A study from Stanford University, published in Cell, has found that vaccine mRNA and spike protein persist in lymph nodes for up to two months following the second vaccine dose. This is in contrast to what happens following infection, where spike protein was found only rarely.
In contrast to disrupted germinal centres in lymph nodes during infection, mRNA vaccination stimulates robust germinal centres containing vaccine mRNA and spike antigen up to eight weeks postvaccination in some cases…
The observed extended presence of vaccine mRNA and spike protein in vaccinee lymph node germinal centres for up to two months after vaccination was in contrast to rare foci of viral spike protein in COVID-19 patient lymph nodes… COVID-19 patient lymph nodes showed lower quantities of spike antigen.
The researchers also found the concentration of spike protein in the blood following vaccination was similar to that during infection.
At least some portion of spike antigen generated after administration of BNT162b2 becomes distributed into the blood. We detected spike antigen in 96% of vaccinees in plasma collected one to two days after the prime injection, with antigen levels reaching as high as 174 pg/mL. The range of spike antigen concentrations in the blood of vaccinees at this early time point largely overlaps with the range of spike antigen concentrations reported in plasma in a study of acute infection, although a small number of infected individuals had higher concentrations in the ng/mL range. At later time points after vaccination, the concentrations of spike antigen in blood quickly decrease although spike is still detectable in plasma in 63% of vaccinees one week after the first dose.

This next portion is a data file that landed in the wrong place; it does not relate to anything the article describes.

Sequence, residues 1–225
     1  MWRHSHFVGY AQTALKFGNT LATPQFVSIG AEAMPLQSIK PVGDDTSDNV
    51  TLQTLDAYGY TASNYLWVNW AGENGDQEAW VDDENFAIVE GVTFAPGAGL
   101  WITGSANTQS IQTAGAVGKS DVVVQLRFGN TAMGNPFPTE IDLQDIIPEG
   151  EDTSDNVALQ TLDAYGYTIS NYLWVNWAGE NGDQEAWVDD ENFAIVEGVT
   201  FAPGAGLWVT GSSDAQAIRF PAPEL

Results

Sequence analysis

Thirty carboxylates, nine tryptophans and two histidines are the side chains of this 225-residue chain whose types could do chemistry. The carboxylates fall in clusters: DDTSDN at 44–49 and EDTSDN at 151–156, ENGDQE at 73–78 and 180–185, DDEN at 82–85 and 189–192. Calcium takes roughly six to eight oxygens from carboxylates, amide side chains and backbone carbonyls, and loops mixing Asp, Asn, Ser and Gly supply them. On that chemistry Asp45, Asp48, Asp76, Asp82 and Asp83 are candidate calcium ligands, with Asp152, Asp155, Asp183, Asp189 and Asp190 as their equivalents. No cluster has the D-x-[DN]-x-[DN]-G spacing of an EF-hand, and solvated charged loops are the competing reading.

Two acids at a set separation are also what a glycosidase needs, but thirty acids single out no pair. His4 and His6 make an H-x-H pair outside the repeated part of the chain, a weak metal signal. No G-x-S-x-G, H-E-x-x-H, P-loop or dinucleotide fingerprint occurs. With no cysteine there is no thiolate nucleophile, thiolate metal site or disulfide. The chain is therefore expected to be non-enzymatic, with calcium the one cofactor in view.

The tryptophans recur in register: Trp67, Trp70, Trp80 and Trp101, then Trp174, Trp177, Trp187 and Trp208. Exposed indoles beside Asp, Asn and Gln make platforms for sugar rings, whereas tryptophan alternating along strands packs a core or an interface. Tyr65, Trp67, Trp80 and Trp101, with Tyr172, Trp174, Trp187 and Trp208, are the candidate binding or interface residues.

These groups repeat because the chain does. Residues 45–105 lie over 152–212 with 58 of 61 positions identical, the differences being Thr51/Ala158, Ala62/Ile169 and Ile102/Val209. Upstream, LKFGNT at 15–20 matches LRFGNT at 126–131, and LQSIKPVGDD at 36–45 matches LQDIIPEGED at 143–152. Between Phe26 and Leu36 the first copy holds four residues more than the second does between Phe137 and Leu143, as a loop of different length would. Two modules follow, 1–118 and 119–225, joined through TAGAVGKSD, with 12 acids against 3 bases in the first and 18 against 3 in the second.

The researchers found evidence of ‘original antigenic sin’ from the vaccines, where a person vaccinated and then infected with a variant develops a weaker antibody response to that variant than an unvaccinated person infected with the variant. They describe it as a “strong imprinting effect of prior vaccination”.
We find that prior vaccination with Wuhan-Hu-1-like antigens followed by infection with Alpha or Delta variants gives rise to plasma antibody responses with apparent Wuhan-Hu-1-specific imprinting manifesting as relatively decreased responses to the variant virus epitopes, compared with unvaccinated patients infected with those variant viruses…
The extent to which vaccine boosting or infection with different variants will effectively elicit antibody responses to new epitopes or rather increase responses to the epitopes of antigens encountered previously, as in the ‘original antigenic sin’ phenomenon described for influenza virus infection and vaccination, will be an important topic of ongoing study.
The researchers confirmed the fast decline of antibodies following vaccination, finding a 20-fold drop after nine months.
Our data demonstrate that vaccinee plasma and saliva spike and receptor-binding domain-specific IgG concentrations decrease from their peak values by approximately 20-fold by nine months after primary vaccination but quickly exceed prior peak concentrations in seven to eight days after boosting with a third vaccine dose.